Mystical symbolism and subconscious concerns collide in the artwork of Chinese artist Min Ding. Working with stop-motion animation, illustrations and photographs, she seeks to create absurd and melancholic moments.

Daydreams haunted by a spectral figure at the window. A beer-fuelled game of cards taken to a swimming pool. A fox spirit who collects men and turns them into mannequins. These are just some of the fascinatingly creepy subjects of the Hangzhou-based artist, who predominantly works with suitably unnerving models.

“My work is cinematic a reflection on our subconsciousness, death and anxiety,” she tells Creative Boom. Drawn to stories about mysticism, Min aims to logically translate their symbolism and rationalise their absurdity in miniature scenes and animations. “I want to create fantasies which stimulate the viewer and encourage them to experience the image.”

Perhaps the best example of these ambitions in action can be seen in Fox Spirit, Min’s impressive stop-motion animation based on the Chinese novel Liaozhai Zhiyi. In it, she updates the supernatural tales of malevolent fox spirits by giving them a feminist reworking.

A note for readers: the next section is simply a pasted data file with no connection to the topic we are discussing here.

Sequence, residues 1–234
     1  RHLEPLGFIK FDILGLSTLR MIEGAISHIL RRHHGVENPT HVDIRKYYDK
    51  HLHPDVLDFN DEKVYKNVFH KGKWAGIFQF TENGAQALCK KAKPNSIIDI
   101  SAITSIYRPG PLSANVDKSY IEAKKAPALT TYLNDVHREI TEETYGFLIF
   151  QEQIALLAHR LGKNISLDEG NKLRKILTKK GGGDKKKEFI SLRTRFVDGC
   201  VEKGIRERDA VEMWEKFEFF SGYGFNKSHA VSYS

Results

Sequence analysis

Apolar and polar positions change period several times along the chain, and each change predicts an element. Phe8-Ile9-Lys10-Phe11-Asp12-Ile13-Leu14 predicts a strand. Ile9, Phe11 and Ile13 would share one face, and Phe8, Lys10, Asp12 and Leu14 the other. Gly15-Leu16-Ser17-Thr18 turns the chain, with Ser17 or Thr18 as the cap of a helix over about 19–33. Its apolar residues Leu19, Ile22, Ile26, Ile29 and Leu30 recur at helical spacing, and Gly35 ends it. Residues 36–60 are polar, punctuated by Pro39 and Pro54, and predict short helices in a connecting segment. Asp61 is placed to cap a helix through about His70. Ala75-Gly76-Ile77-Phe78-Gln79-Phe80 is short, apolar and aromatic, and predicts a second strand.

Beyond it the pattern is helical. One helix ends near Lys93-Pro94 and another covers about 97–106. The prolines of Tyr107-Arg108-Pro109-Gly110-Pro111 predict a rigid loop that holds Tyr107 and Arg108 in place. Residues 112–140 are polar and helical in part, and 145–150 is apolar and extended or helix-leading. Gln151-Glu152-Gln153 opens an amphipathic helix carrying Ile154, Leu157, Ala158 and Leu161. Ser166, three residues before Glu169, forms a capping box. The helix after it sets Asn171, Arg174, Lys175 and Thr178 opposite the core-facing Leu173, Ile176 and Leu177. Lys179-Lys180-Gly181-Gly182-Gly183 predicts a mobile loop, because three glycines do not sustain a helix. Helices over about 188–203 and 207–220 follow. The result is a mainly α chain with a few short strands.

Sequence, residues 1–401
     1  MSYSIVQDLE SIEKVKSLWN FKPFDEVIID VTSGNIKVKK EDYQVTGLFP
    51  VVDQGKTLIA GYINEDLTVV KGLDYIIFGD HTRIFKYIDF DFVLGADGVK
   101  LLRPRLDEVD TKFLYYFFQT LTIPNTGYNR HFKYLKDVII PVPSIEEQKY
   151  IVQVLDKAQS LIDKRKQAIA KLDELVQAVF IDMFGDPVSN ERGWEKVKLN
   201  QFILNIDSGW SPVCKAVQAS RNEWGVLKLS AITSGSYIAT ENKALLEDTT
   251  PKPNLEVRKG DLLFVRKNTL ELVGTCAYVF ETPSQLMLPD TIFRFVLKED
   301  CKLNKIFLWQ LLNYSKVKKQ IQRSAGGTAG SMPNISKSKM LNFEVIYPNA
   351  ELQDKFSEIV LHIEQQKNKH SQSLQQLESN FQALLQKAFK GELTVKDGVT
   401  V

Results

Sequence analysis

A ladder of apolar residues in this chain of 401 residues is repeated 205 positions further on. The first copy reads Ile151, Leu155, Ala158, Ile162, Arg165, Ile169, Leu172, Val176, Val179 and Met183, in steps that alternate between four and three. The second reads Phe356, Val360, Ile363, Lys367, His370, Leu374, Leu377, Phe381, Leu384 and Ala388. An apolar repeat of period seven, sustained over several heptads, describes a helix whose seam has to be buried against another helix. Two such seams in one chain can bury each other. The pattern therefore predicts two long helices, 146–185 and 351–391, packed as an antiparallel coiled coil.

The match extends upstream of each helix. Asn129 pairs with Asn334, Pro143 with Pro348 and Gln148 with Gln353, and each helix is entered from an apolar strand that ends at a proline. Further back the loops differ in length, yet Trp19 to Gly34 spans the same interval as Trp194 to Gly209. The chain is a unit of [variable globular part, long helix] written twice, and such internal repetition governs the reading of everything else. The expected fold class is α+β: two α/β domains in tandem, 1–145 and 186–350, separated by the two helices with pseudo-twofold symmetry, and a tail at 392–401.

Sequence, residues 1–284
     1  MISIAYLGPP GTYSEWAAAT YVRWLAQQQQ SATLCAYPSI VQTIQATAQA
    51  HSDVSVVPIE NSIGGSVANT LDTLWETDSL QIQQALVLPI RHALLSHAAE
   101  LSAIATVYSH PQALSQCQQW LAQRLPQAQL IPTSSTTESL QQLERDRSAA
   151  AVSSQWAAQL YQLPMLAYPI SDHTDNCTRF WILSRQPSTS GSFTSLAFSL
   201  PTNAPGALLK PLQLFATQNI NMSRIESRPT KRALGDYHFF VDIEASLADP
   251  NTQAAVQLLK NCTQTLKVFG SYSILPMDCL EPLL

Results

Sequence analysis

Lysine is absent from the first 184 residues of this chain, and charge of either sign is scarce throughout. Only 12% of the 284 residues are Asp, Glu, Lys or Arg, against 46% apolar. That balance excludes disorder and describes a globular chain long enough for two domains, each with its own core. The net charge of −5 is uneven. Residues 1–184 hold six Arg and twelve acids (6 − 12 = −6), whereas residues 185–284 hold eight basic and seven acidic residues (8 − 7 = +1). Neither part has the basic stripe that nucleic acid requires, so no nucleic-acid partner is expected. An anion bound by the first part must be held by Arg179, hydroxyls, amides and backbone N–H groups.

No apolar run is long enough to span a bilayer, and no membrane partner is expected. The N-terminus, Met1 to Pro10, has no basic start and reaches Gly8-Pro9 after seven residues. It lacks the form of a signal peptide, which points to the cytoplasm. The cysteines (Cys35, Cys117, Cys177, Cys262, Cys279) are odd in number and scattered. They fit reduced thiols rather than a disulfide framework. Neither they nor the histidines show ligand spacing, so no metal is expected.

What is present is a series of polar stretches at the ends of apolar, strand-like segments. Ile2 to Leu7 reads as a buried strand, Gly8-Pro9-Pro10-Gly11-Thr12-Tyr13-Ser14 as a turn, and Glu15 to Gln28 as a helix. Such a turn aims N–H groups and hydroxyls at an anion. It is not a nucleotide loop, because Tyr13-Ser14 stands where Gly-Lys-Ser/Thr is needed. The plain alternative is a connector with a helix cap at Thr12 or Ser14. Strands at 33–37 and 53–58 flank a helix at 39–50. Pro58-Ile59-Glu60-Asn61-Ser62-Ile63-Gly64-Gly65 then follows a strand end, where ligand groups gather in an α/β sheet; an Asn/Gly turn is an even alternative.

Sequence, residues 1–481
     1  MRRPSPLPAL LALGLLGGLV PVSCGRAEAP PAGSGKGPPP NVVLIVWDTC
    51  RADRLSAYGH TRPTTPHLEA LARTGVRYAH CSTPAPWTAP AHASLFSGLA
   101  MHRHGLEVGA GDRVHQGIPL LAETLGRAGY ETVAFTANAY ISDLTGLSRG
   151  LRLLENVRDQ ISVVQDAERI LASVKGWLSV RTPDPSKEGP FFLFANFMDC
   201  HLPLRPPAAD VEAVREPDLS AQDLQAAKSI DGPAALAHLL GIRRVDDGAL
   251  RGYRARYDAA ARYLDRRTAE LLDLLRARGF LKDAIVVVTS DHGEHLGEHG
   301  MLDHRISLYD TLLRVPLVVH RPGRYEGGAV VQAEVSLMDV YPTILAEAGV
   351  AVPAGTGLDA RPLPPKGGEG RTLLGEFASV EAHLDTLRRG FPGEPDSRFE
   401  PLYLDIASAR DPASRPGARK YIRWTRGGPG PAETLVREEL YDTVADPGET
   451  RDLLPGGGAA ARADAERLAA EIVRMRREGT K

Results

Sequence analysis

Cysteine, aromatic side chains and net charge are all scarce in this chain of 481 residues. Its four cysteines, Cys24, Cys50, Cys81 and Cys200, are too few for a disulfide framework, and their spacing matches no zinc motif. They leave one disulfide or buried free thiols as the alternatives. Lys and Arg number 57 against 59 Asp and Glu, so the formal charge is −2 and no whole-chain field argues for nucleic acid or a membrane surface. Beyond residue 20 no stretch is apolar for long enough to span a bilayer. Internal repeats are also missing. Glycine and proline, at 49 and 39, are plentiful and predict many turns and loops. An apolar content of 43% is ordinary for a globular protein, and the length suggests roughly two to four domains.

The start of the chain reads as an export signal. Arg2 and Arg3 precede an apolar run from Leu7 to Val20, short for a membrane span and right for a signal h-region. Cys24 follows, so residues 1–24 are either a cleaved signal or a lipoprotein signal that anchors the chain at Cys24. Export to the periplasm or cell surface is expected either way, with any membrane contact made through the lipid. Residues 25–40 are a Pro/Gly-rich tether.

“It tells the story of a fox who collects beautiful male customers and makes them into mannequins,” says Min. The short film expresses her hypothesis that society pushes people to sad extremes in their misguided pursuit of beauty. “Unlike some other stories, the fox spirit is a woman who has the ability to master the power of men,” adds Min. “Just like in present China, women still need to get more equality.”

Elsewhere in her work, featured in galleries in Beijing, Shanghai, Los Angeles and New York, Min expresses the fears that spring from violence, sex and loneliness. And as well as expressing these internal feelings, she also wants to explore how society instils these fears in people.

Creative Boom